Suburbs rejecting previous remedies for city sprawl Townhouse projects starting to draw heavy opposition


SLOATSBURG, N.Y. - The law people cite most often in this village these days is the one that says precisely what kind of housing is allowed: single-family houses on lots of 40,000 square feet, single-family houses on 30,000 square feet, single-family houses on 15,000 square feet and single-family houses on 10,000 square feet. Period.

The word "apartment" appears only to describe something that may exist on the second floor of a single-family house, and then only by permit. Nowhere do the words "big condominium townhouse project" appear, and villagers have been crowding town meetings this spring to keep it that way.

They are trying to derail a plan by Mayor Samuel Abate to bring the first multifamily housing to a village filled with people who came here to get away from the idea.

Sloatsburgers are willing to have change and growth - to a point, said Becky Kern, a leader of the Little Town Forum for the Historic Preservation of Sloatsburg, a group formed to resist Abate.

"We don't want change that will bring us to a future of jammed roads, overcrowded schools, vinyl-clad boxes piled 3] stories high and a shopping center that looks like every other strip mall," she said.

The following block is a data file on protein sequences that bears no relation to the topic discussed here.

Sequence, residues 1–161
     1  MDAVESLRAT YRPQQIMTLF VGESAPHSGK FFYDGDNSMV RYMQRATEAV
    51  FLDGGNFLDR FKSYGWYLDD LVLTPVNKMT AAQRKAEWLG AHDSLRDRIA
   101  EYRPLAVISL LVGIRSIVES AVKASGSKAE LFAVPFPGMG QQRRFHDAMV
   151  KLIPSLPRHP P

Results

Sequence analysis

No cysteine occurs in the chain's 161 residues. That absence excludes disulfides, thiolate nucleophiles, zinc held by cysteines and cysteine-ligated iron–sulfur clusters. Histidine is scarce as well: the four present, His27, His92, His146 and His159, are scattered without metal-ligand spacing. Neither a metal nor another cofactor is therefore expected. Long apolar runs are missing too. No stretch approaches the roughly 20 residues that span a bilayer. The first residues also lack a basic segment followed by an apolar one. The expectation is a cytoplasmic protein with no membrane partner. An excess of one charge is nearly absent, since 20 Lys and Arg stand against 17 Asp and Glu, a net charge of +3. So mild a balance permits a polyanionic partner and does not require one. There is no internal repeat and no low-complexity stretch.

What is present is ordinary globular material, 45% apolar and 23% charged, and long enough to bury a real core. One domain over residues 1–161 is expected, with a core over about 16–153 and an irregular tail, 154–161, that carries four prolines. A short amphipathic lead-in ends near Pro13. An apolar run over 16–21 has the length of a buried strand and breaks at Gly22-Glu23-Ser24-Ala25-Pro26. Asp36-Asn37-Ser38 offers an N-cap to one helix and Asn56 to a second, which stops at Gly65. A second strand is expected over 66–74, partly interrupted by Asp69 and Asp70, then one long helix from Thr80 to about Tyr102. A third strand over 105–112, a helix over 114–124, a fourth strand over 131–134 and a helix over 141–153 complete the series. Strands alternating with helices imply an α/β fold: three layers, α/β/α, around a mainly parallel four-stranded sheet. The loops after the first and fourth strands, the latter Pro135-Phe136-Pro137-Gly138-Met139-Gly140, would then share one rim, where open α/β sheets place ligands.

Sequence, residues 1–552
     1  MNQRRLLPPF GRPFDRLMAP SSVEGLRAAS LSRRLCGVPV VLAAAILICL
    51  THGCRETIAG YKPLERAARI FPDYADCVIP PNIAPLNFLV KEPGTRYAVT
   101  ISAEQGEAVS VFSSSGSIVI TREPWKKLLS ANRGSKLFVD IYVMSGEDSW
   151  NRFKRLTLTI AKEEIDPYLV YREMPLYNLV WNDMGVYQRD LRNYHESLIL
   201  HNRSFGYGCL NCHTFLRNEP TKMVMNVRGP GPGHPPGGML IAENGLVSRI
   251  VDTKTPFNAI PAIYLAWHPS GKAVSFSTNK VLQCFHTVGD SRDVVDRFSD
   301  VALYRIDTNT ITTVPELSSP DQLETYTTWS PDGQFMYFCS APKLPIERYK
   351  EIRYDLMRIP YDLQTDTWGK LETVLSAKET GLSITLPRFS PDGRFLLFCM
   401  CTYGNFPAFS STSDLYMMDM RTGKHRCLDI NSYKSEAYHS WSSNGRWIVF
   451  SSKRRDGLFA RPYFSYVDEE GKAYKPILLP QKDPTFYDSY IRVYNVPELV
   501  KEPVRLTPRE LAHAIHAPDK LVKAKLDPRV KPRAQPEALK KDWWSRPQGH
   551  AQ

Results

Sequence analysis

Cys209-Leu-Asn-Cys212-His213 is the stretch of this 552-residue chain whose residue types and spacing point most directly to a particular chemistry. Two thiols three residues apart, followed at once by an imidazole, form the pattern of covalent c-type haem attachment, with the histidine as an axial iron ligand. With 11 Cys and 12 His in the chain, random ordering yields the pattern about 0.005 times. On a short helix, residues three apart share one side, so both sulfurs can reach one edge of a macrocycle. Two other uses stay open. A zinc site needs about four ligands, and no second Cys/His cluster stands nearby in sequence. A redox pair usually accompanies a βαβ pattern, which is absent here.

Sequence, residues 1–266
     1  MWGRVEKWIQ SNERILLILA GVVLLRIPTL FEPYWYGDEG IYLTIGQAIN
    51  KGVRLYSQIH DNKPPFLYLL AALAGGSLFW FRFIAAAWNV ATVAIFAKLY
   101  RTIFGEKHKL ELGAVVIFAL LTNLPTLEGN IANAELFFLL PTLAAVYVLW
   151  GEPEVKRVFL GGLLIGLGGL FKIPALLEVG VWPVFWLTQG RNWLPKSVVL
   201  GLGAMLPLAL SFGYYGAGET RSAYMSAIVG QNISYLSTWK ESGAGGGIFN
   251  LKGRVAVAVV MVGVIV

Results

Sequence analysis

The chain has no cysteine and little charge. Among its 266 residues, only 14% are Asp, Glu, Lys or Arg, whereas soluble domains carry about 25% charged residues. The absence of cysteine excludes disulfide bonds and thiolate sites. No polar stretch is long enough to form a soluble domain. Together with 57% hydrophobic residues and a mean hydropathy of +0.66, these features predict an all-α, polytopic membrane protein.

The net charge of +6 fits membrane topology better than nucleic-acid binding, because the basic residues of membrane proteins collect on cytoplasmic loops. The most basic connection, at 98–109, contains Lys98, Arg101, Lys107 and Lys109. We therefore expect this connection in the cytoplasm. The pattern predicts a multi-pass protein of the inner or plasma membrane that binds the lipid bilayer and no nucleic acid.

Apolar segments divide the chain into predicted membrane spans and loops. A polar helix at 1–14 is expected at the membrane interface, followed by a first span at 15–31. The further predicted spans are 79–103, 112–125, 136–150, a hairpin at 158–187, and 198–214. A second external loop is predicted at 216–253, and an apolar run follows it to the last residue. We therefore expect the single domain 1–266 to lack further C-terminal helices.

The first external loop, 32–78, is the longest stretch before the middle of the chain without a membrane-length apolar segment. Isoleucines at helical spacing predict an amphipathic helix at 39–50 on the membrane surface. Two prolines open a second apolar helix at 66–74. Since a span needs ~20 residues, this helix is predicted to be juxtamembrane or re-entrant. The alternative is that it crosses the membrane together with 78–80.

Change in mood

This view puts Kern and her allies squarely in the mainstream of a national reaction against high-density rowhouse developments like the one K. Hovnanian Enterprises, the biggest townhouse developer in the country, hopes to build in Sloatsburg.

Their opposition seems a far cry from the early acceptance of suburban townhouses, when they first began appearing in large numbers in the 1970s, as sensible, affordable and - because they reduced sprawl - environmentally friendly starter homes for young couples, or as step-down homes for empty-nesters.

But as the number of townhouses has increased, complaints have grown that townhouses clog roads, send more children into local schools than had been promised, depress the value of single-family houses and too frequently become rental units.

The supervisors of Prince William County, Va., concerned about rapid growth, approved a zoning plan this spring that reduces the number of future townhouses that may be built by 10,000 units, or 40 percent. It did so by creating a zone excluding townhouses in the county's western reaches.

Prince George's County has passed a law banning townhouses in certain areas where schools are crowded.

The supervisors were responding to widespread complaints that townhouses were driving down property values and crowding schools.